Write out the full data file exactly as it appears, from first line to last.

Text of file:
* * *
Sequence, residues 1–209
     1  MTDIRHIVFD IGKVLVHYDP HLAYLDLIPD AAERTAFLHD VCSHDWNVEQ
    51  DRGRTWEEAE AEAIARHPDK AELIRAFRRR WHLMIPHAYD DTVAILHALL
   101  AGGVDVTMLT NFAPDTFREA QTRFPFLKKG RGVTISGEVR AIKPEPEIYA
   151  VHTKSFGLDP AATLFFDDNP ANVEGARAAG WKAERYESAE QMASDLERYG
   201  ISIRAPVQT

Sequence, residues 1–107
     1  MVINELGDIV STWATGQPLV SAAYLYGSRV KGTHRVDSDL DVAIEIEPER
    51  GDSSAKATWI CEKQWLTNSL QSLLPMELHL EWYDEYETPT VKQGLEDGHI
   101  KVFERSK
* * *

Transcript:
Sequence, residues 1–209
     1  MTDIRHIVFD IGKVLVHYDP HLAYLDLIPD AAERTAFLHD VCSHDWNVEQ
    51  DRGRTWEEAE AEAIARHPDK AELIRAFRRR WHLMIPHAYD DTVAILHALL
   101  AGGVDVTMLT NFAPDTFREA QTRFPFLKKG RGVTISGEVR AIKPEPEIYA
   151  VHTKSFGLDP AATLFFDDNP ANVEGARAAG WKAERYESAE QMASDLERYG
   201  ISIRAPVQT

Sequence, residues 1–107
     1  MVINELGDIV STWATGQPLV SAAYLYGSRV KGTHRVDSDL DVAIEIEPER
    51  GDSSAKATWI CEKQWLTNSL QSLLPMELHL EWYDEYETPT VKQGLEDGHI
   101  KVFERSK